The Action Project provides students with the opportunity to determine and address watershed health issues that affect their community at the school, neighborhood, or city level. Integrating an action project into curriculum is an opportunity for students to connect with key watershed concepts and topics through on-the-ground work and skill-building.
RiverXchange® utilizes an Environmental Action Civics process developed by Earth Force. RiverXchange® staff work closely with the Earth Force team to ensure we are delivering the most high-quality resources and guidance available to support action project success in our classrooms. Environmental Action Civics is a youth-adult partnership that helps young people identify environmental concerns in their community, investigate the causes of these concerns, and to advocate for positive, effective changes to policies or practices in their communities. Environmental Action Civics emphasizes process over product and skill-building in collaboration, investigation and reflection. Determining effective solutions to real-world problems and asking for change can seem daunting, even to adults. However, developing these skills alongside our core program on local water resource and watershed health concerns is an impactful way to start building these skills in the youth of today.
By empowering students to work together to creatively solve problems through an action project, we are supporting students in becoming the next generation of stewards and advocates for our lands and waters.
The Action Project Framework
Six Stages – Environmental Action Civics
About the Earth Force Process
The Earth Force Process is a research-based model to implement Environmental Action Civics. It provides a framework for project-based teaching and learning that can be readily adapted to any age group or topic area, as well as to a range of timeframes for working with students. It is a series of six steps that, taken in sequence, guide you and your students to a civic action project that:
- meets a real community environmental need
- is of interest to your students
- aligns with your curricular goals
- is feasible to conduct
Stage 1 – Community Environmental Inventory
Students assess their community for environmental strengths and concerns using several methods of conducting an environmental inventory. They develop an awareness of the importance of taking public action in their community and of the roles of an environmental citizen.
Stage 2 – Issue Selection
Students practice criteria-based and democratic decision-making to refine and select a single issue for deeper research and information gathering. This step ensures students select an issue they are excited about and meets your academic goals.
Stage 3 – Policy and Community Practice Research
Students conduct research on their issue, exploring policies and practices related to their issue using questioning and information analysis skills, identifying and interacting with stakeholders and experts on their issue, exploring different perspectives on their issue, and discovering strategies for change.
Stage 4 – Goal and Strategy Selection
Students use democratic and criteria-based decision making to select one policy or practice they want to change and the most appropriate strategy to achieve the desired change.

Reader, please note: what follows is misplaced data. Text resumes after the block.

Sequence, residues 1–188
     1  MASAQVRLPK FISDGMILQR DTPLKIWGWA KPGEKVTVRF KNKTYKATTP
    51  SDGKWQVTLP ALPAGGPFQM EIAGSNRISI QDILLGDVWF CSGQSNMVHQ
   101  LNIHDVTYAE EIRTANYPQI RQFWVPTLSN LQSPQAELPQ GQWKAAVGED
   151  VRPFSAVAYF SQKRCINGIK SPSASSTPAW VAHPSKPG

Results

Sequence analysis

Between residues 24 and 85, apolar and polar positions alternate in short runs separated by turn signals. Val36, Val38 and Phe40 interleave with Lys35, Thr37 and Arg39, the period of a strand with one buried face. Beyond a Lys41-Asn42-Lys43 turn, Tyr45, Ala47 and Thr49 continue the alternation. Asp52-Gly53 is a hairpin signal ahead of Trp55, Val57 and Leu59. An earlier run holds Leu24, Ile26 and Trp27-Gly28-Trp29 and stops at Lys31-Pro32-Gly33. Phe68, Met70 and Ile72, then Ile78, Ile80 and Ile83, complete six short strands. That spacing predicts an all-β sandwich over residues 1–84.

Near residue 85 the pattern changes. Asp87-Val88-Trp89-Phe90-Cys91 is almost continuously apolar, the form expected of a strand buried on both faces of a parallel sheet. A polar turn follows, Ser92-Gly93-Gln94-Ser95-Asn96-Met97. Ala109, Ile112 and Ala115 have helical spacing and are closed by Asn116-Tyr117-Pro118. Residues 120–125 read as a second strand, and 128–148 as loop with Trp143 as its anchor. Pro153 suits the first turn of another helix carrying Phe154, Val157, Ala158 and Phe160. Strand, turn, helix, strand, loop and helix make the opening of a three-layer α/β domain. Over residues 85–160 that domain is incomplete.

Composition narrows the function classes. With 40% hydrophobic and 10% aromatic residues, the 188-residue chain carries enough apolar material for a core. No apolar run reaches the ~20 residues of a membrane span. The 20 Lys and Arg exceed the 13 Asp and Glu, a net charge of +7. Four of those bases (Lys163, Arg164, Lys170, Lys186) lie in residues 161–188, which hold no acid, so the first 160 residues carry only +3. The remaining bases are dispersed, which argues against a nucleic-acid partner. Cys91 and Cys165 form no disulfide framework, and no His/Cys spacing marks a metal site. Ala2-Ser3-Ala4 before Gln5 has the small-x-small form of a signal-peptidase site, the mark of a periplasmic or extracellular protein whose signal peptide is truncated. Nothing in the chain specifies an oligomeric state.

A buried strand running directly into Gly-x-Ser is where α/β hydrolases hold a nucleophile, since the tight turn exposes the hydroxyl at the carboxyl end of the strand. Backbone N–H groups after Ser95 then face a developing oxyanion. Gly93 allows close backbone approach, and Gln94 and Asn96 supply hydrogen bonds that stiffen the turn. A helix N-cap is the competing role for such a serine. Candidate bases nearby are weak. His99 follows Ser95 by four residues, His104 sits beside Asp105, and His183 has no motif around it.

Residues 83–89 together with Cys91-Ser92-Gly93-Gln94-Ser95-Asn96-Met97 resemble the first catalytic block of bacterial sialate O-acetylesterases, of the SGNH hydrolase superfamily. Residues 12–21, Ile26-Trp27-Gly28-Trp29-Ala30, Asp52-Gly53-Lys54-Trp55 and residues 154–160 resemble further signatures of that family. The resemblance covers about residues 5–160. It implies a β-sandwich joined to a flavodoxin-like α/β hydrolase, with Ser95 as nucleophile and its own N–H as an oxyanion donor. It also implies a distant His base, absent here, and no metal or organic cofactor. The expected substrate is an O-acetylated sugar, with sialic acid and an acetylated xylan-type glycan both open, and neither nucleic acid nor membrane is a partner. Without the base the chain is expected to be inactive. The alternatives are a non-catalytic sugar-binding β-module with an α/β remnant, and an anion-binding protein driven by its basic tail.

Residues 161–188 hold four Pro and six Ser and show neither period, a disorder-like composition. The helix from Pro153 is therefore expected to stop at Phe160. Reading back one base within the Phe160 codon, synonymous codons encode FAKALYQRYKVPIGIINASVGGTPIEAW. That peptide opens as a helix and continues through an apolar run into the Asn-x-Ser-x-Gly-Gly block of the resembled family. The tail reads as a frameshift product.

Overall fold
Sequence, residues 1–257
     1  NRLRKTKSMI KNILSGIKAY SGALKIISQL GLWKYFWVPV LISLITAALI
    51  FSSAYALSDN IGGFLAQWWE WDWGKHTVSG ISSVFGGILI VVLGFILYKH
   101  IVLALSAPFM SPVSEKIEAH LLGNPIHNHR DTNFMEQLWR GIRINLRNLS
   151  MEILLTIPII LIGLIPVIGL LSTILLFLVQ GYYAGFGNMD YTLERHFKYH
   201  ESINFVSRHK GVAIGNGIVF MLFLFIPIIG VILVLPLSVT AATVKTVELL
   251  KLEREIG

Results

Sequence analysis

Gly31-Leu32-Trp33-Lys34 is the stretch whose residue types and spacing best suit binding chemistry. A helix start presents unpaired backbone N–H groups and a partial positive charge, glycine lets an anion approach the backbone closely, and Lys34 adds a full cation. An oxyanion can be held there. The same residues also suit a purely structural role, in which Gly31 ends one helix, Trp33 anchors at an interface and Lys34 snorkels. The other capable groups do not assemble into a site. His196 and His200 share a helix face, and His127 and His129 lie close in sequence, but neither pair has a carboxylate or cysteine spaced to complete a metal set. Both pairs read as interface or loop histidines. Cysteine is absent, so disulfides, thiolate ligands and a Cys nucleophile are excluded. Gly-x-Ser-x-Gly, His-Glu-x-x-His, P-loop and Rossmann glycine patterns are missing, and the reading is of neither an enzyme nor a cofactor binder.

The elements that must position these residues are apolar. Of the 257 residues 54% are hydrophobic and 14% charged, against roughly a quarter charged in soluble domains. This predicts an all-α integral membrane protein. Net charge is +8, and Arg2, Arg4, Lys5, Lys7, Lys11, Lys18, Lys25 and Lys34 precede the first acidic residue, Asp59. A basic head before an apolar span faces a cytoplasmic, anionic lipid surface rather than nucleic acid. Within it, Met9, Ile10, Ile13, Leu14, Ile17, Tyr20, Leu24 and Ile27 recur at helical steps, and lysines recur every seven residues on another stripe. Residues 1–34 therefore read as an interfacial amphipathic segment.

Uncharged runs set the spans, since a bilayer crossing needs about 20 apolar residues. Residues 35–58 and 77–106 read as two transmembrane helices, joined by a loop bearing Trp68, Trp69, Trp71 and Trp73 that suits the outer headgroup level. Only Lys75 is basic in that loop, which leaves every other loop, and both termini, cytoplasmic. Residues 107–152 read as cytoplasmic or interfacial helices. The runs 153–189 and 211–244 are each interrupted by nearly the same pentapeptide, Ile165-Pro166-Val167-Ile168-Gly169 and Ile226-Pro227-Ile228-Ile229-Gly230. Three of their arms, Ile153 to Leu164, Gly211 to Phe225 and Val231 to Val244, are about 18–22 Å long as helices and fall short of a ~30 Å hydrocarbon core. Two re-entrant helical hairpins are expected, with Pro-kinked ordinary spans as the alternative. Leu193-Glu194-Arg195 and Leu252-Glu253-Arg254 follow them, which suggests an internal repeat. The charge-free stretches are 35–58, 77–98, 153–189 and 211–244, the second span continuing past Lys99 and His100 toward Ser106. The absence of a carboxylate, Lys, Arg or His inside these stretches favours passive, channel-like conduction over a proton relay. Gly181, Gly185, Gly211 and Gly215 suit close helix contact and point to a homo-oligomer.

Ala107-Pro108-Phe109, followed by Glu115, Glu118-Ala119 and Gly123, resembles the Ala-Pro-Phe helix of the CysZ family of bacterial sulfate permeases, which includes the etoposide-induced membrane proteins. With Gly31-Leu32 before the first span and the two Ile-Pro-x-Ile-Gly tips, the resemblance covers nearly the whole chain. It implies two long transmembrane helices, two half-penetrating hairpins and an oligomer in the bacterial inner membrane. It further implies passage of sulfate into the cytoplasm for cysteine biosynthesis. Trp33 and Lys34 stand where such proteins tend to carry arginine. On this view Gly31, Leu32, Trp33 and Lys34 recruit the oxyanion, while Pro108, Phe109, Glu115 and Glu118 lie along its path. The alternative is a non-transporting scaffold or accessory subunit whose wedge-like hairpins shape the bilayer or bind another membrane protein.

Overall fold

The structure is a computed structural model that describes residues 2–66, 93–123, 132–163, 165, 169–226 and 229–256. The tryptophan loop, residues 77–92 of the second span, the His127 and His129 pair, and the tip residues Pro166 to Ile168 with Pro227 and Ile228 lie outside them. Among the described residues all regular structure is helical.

Stage 5 – Planning and Taking Civic Action
Students work collaboratively to create an action plan for making the desired change and implement their plan.
Stage 6 – Reflection, Going Public, and Planning for the Future
Students review their experience by recognizing their successes, analyzing challenges, reflecting on lessons learned, and identifying potential next steps for their project.
“The successes we had in completing our action project was honoring student voices. Students were able to be active participants/leaders in creating the project.” – Martinez, Valle Vista ES
Envisioning the Action Project
Some highlights of the action project process:
- Involves students engaging with other classrooms, administrators, stakeholders
- Involves democratic, criteria-based decision-making
- Involves asking for change in practices or policies in the community
- Involves reflection and celebration of the work completed!
Action Projects should address a water resource threat. It is likely your project will fall under one of the following categories:
- Addressing pollution/waste streams, like liter on your school campus.
- Addressing water waste through leaks, overuse or food waste.
- Promoting more green spaces on your campus like food gardens and trees.
Action Project Criteria/Process Guidelines
- Student Voice: Student voice is centered in the process
- Practicality: The process is practical and achievable
- Civic Engagement: Students interact with community members, stakeholders, experts etc outside of the classroom
- Impact: Students ask for change that is reasonable and benefits the community
SUBMITTING YOUR ACTION PROJECT
Instructions for submitting
OPTION 1 (PREFERRED) Create a slideshow that addresses the following :
Student Voice and Participation. Tell us briefly how all students were able to participate and contribute to the process.
Practicality. Did you have all the resources you needed to complete the various stages of this project. Did you experience any obstacles or barriers that you didn’t anticipate?
Civic Engagement. Did you involve community members outside of your classroom in the process? Who else participated or contributed in this project?
- How many others outside of your classroom did this process reach? Please give an estimate of the total number reached and explain who that was.
Impact. Did you ask for change from decision makers or people in power? Is the ask for change reasonable. How will it benefit your community? What was the change you asked for?
OPTION 2: Fill out this form to submit: ACTION PROJECT SUBMISSION FORM